And now giant mutant voles are eating into the side of the house, too.
Remember that scene in the medical dramas where they open up some poor guys chest and remove his heart, only to discover that the donor heart is defective or the connective tissue or arteries just fall apart when they try to sew it all back together again? Well thank goodness we're not there yet. But our furnace is sitting in the garage and it isn't even noon yet. (grin)
Alas, poor York, I knew ye well these past sixteen years...
Back in 2007 we had the Great Rinnai Hot Water Heater, Sump Pump and Kohler Backup Generator Project, which all stemmed from the fact that our water heater was getting old and there was no place to drain it in the basement... The 2009 Great Heating and Cooling Project began with the simple desire to raise the humidity in the house during the winter. It's supposed to be good for the sinuses and keep down colds, flu and sinus infections. But putting a whole house humidifier on a nearly sixteen year old furnace seemed silly. Oh, and the one thing I've always hated about the current furnace were the supposedly washable furnace filters. No frame, stiff scratchy fiberglass and impossible to get in and out. Did NOT help our sinuses that we never cleaned the damned thing very often.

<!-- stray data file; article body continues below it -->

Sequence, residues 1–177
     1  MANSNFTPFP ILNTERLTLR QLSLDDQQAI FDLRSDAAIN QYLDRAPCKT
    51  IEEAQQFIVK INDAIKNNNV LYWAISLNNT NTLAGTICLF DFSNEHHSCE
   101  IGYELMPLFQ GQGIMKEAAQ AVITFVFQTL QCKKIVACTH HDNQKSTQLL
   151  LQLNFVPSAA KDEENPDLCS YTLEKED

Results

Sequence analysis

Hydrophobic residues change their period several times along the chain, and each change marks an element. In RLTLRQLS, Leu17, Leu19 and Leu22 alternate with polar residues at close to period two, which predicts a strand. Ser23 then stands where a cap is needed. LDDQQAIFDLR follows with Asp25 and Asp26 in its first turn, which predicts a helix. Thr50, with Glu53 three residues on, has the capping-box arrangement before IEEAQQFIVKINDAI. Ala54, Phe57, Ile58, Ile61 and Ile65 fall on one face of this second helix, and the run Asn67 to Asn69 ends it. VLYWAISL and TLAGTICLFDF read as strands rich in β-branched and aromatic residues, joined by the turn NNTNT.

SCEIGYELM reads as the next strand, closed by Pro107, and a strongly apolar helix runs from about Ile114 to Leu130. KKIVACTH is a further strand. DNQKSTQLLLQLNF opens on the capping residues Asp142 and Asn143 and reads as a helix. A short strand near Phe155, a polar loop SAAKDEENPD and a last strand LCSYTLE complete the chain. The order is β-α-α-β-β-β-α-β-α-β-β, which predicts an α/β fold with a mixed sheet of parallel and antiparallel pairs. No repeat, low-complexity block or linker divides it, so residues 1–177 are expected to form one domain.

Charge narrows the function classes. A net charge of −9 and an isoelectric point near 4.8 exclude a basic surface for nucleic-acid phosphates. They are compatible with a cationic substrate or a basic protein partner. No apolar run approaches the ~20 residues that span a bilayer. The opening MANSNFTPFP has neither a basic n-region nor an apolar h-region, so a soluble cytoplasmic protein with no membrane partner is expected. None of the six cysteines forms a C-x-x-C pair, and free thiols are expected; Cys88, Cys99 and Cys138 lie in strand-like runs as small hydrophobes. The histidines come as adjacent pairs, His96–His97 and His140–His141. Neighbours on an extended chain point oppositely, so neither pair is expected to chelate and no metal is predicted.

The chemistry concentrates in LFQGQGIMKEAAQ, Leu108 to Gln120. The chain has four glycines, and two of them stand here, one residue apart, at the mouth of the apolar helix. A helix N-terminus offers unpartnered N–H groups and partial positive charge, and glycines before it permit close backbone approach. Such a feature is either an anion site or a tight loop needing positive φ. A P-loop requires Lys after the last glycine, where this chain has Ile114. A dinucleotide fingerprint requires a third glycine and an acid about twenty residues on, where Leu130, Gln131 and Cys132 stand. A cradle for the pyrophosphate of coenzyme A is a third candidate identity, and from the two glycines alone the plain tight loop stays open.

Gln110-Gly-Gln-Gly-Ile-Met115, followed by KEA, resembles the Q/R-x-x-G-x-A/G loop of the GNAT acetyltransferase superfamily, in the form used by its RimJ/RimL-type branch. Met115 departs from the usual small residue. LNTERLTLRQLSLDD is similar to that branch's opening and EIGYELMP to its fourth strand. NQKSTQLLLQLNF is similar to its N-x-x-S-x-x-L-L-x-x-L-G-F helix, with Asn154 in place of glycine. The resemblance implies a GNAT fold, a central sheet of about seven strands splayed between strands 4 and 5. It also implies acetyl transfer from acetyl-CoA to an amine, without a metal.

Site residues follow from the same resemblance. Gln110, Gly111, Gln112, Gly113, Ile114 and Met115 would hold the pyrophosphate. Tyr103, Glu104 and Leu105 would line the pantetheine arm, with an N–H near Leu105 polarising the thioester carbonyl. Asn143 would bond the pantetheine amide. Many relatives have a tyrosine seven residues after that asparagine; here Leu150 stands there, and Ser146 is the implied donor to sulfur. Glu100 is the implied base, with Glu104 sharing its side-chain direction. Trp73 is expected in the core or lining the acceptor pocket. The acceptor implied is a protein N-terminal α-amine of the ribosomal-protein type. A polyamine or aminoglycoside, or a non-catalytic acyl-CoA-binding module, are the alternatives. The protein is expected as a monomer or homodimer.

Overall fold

So let's talk about a new furnace. And as long as we are, what about central air conditioning? Well, it turns out 2009 is great year to be talking about this sort of stuff. There's some energy efficiency Federal tax rebate money for going high efficiency. In our case it means we could've spent X dollars for a 90% efficient furnace to replace the 85% York we have (uh, had). Or we could spend Y dollars for a 95% efficient furnace plus a heat pump. Y - X = around $1500 and we'd qualify for the $1500 max rebate. So for the same net money, we can get a more efficient heating system and essentially free central A.C. for the summer.
As for air filtration, we looked at an $800 electrostatic unit, but you have to wash the stainless steel blades every couple of weeks. For about $250 we're getting this large cartridge unit that gets changed once a year for about $30. It's gonna take another sixteen years to get around to making up the cost differential with the one-a-year cartridge system -- no-brainer decision there, folks.
Banging and Klanging
So yesterday was Grading Day. And after a nap we went out to the movies and dinner at a Thai restaurant and a pleasant evening. Now Greg and his helper are busily changing our house. They've budgeted two days for the job, but have half of Friday penciled in for trouble-shooting.
And then I'm off to Penguicon!